Yeah, I believe they do get some compensation for it. I can’t remember exactly how that program works, but yeah there is some incentive for them to continue to review the products because I think they get introduced to special discounts based on whatever category they are the most interested in. A reviewer might be in the pet supply category, for example, and get access to all the pet supplies. That can be very beneficial for them if they love pets or if they have a lot of pets. So that’s one way to kind of approach it. And then beyond that is really where it comes into having a good brand and a good brand loyalty outside of the Amazon platform. So if you have your own email list, if you’ve been running your own DTC website for awhile. You could reach out to your email list and ask them to leave reviews for your product. So there’s a lot of different ways to approach it, but yeah, you really need to get those initial reviews to really get your product selling as best as it can be within the Amazon platform.
Stacy Jones (15:50):
How much insight is Amazon giving you as a brand that’s selling? Are they giving you the emails of the customers that are purchasing from you?
Michael Begg (16:00):
No, that is unfortunately something that they don’t give you. And this is one of the challenges that a lot of people have with the Amazon platform. When it comes to Amazon’s data, they very much keep it to themselves. They don’t share it with the sellers. You do get some access to some demographic stuff, such as, male, female, gender demographics, income demographics, some educational demographics, I believe, and how other household demographics. But you won’t get access to the actual emails of the customers. You won’t be able to reach out to them outside of the Amazon platform. And this is really where you kind of need to start approaching the Amazon platform from a different angle if you’re an established brand.
Michael Begg (16:43):
This is a hugely important piece. Amazon is the incredible best platform to go to for brand awareness. If you want someone to find your product, you need it to be on Amazon because about 70% of all consumers are starting their product search on Amazon. So by not being there, you’re already excluding yourself from a huge part of the potential audience that may be purchasing your product. But Amazon, isn’t going to be your most profitable sales channel over time. You need to find a way to leverage the brand awareness that you’re building with Amazon to turn that into brand loyalty and then figure out how to get them to purchase from your website or from another platform where you are more profitable and you have more access to the data.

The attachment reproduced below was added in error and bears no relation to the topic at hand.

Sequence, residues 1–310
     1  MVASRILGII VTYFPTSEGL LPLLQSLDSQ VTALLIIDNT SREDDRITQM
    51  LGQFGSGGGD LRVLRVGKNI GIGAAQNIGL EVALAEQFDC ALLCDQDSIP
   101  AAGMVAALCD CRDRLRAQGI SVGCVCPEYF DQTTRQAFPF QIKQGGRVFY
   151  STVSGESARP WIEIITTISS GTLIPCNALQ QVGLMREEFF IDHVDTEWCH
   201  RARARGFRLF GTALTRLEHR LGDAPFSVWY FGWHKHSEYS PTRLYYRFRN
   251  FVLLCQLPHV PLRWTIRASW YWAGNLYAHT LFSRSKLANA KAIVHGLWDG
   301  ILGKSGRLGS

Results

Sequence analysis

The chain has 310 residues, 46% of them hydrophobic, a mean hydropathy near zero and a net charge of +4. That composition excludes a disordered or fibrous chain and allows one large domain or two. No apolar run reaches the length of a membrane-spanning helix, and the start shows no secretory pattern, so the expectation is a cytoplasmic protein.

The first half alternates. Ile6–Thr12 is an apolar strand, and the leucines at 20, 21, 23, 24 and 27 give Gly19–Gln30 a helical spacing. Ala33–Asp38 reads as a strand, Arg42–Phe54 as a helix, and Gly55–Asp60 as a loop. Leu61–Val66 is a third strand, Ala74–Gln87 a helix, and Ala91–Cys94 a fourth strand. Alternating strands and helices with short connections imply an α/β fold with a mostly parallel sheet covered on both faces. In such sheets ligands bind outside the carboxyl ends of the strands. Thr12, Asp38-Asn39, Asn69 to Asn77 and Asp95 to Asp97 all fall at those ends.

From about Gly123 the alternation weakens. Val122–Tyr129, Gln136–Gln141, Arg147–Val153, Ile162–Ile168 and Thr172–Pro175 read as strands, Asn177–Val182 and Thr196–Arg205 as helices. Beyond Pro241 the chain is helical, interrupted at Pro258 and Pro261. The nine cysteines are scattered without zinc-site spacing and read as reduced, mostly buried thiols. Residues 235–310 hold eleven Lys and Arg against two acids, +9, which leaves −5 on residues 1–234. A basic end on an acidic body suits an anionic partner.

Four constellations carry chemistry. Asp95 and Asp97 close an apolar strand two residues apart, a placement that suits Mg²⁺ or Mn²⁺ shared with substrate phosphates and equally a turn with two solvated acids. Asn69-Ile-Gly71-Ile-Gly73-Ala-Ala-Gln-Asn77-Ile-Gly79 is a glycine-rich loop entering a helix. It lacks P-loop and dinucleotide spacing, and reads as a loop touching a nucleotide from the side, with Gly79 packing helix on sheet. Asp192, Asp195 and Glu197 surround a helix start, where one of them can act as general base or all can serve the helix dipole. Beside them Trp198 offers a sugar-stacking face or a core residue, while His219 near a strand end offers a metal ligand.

Stacy Jones (17:25):
And that doesn’t include being able to include information in mailers and the product that’s being shipped out about you, unless it’s actually baked into your packaging or inside your product, right?
Michael Begg (17:36):
Yeah, exactly. I mean, that’s one way to do it. Product to insert the cards are very common practice where you may get a card that says, “If you have any issues with your product, email us directly. If you have any questions, email us directly. If you want your warranty downloaded from our website.” So there’s a lot of different ways that sellers do approach that, but there are other options that are more powerful within the Amazon advertising platform where you can actually retarget a lot of these customers and then drive them off platform. So Amazon does a really good job controlling all this data and then forcing you to essentially pay for it. In other ways, to get customers to come to your website.
Stacy Jones (18:15):
It’s like Facebook, you’ve gotten that all these companies who have spent tens of thousands, hundreds of thousands, millions of dollars building their communities. But they don’t actually have access to their communities and the communities don’t get to see their content unless you’re paying Facebook to do so.
Michael Begg (18:32):
Exactly. It’s very much, Amazon’s world and you kind of have to play by the rules just to be successful in it. But the ones that do figure it out that can leverage this entire process of SEO building. Getting the best conversion rates, driving the most traffic, converting the most customers, retargeting these customers, getting them somewhere else. They’re the ones that are going to succeed the most on Amazon in the longterm.
Stacy Jones (18:58):
So what are some other hints and tricks that you tell your clients on how to approach and what they should be doing to become the masterminds behind Amazon sales?